It’s hard sometimes and maybe you do snap at the person you love the most. It sounds like he needs to go on a bit of a mental journey and decide if aids like a wheel chair or maybe a mobility scooter are a price worth paying for having a much more ‘normal’ life. I found people are much more accepting than I thought.
That is easier to write as you can feel like your giving up its only after you realise what you are actually doing is moving on and trying to make the best of a crap situation.
It’s different for everyone and talking really does help, for me talking calmly about the impact MS was having on everyone else really helped. It was good to know people were fighting in my corner and actually I needed to accept it or everyone’s life would be crap.

Good luck and stick with doing everything right for all

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I’m new here too, Jocelyn. I know this is blunt, but it sounds like your husband wasn’t the nicest person before this came along and this is clearly antagonising him. He’s looking for a direction to point the finger of blame at and it’s you, unfortunately. Does he treat anyone outside like he treats you and the children? It sounds like he finds any offer of help and assistance patronising and I wonder what his attitude is to anyone that has the temerity of stand up to him x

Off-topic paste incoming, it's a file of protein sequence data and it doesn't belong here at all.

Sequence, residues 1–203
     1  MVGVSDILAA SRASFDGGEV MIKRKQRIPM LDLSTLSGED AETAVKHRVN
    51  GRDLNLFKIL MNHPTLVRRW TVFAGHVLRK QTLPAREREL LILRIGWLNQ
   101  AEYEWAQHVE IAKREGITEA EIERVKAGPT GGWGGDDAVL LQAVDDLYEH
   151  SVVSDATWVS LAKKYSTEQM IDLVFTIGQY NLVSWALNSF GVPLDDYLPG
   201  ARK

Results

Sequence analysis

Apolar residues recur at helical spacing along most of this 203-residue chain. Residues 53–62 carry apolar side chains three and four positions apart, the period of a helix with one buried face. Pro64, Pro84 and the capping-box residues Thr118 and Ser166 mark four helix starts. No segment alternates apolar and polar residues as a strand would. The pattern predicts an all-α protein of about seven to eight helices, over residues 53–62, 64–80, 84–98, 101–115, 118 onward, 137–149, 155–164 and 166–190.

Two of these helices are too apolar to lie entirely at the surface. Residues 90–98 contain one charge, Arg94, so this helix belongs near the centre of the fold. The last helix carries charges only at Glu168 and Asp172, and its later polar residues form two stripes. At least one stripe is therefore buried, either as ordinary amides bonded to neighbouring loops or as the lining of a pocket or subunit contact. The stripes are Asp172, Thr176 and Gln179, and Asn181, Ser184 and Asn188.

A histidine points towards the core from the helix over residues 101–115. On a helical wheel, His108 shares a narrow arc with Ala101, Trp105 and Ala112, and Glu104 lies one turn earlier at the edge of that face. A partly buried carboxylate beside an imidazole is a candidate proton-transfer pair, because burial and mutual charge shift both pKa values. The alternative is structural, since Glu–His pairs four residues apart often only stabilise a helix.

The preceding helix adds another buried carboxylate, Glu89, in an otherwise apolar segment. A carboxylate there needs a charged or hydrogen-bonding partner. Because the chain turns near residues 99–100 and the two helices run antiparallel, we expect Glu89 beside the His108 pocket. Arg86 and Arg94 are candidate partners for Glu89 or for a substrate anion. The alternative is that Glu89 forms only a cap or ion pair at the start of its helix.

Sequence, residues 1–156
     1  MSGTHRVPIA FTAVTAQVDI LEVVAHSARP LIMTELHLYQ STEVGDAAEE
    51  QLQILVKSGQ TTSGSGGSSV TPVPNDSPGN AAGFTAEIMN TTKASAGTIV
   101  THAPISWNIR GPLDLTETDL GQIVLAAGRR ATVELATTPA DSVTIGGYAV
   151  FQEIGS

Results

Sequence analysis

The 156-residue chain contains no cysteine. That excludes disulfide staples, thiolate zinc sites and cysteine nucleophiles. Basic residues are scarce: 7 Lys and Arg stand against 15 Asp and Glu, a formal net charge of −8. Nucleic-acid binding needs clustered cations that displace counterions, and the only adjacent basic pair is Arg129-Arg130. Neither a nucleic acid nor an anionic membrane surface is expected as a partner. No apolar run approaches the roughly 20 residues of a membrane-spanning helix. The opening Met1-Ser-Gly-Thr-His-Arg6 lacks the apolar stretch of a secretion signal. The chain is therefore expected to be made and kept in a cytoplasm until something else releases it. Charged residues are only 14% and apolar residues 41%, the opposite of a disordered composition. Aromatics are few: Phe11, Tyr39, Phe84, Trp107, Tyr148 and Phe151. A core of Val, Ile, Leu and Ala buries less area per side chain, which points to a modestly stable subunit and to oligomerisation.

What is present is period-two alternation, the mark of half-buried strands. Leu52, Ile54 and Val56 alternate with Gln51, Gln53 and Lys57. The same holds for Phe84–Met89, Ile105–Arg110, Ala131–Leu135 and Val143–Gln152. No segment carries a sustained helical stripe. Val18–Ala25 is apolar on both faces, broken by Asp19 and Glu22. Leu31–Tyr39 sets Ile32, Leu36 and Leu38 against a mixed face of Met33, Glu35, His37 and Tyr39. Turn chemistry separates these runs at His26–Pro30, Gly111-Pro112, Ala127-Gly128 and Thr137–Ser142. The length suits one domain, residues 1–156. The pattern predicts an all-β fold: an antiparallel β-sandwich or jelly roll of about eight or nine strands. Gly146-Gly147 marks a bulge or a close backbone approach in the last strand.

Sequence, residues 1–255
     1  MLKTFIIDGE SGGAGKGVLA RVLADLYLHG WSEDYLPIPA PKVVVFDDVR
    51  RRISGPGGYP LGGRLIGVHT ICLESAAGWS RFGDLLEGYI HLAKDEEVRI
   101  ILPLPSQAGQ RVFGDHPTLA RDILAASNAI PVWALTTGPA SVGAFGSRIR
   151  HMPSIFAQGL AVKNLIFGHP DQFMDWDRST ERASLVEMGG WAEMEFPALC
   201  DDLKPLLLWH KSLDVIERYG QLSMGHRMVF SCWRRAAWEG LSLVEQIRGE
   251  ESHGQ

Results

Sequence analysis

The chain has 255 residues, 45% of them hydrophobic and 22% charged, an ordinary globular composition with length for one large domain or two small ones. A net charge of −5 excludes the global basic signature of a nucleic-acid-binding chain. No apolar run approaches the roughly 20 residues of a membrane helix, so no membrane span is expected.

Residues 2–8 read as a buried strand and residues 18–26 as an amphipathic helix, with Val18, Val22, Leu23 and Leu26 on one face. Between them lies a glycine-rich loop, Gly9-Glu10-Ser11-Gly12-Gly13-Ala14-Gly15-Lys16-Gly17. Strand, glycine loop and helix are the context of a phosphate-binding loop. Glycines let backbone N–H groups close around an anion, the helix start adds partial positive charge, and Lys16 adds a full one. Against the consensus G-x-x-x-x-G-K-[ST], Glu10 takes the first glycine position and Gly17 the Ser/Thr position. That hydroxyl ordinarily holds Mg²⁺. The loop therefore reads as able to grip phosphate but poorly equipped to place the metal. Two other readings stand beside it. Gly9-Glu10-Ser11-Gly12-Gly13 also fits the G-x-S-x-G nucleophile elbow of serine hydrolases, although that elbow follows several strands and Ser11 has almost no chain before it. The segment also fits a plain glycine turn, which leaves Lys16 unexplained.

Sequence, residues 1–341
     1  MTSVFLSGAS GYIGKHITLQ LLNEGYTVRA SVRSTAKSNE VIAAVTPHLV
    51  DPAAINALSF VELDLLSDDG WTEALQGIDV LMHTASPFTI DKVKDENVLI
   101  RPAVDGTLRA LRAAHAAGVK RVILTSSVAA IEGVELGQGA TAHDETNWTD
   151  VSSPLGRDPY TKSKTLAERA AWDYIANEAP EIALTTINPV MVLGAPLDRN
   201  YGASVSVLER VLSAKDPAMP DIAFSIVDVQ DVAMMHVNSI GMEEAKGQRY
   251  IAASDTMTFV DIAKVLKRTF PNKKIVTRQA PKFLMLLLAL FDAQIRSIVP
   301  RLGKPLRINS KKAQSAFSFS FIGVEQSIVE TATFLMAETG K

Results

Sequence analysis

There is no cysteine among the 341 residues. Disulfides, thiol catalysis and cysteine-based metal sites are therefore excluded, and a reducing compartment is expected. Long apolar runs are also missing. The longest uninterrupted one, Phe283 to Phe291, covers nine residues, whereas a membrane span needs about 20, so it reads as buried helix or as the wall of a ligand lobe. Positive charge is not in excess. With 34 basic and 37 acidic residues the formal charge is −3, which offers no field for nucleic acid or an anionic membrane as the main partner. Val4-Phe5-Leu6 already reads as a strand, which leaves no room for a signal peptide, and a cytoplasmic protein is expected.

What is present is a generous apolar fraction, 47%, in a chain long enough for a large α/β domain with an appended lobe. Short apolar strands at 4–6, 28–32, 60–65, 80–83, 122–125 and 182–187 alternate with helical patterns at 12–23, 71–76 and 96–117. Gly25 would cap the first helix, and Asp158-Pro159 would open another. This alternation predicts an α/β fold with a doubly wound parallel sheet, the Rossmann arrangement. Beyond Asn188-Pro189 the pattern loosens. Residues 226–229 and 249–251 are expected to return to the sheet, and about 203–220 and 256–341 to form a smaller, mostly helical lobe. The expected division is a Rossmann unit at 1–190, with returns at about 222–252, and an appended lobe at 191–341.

It’s not that he wasn’t nice but he’s got quite a large ego. His little brother was born one year almost to the day and has CP with brain damage so he never got attention as a kid. He definitely was an attention seeker as an adult and he got a lot of attention from women that inflated his ego even more. But he also was a mentor at Big Brothers (a charity) as well as sitting on the board of a charity that helps less fortunate people. I see how much he struggles and we are trying to move so he doesn’t have to do stairs. He treats everybody the same. He doesn’t want help, he wants to be able to take care of things and hates that I have to do everything. But his delivery UGH is ridiculous and I’m not sure how my feelings fit in to this when he is the one that is enduring the physical part of it. But just writing that makes me sick because this affects everyone. But if you say that then he does his “it’s real easy for the people who don’t have to do anything” blah blah. do you have MS or your spouse?

Thank you James. I appreciate the honesty and it is nice to get another male perspective. I wish you well and thanks for responding! :slight_smile:

Hi Jocelyn,

This situation sounds really tough. It is impossible for me to put myself in either of your or your husbands shoes. I can explain how I have felt about and reacted to my MS which may not be of any use but you never know.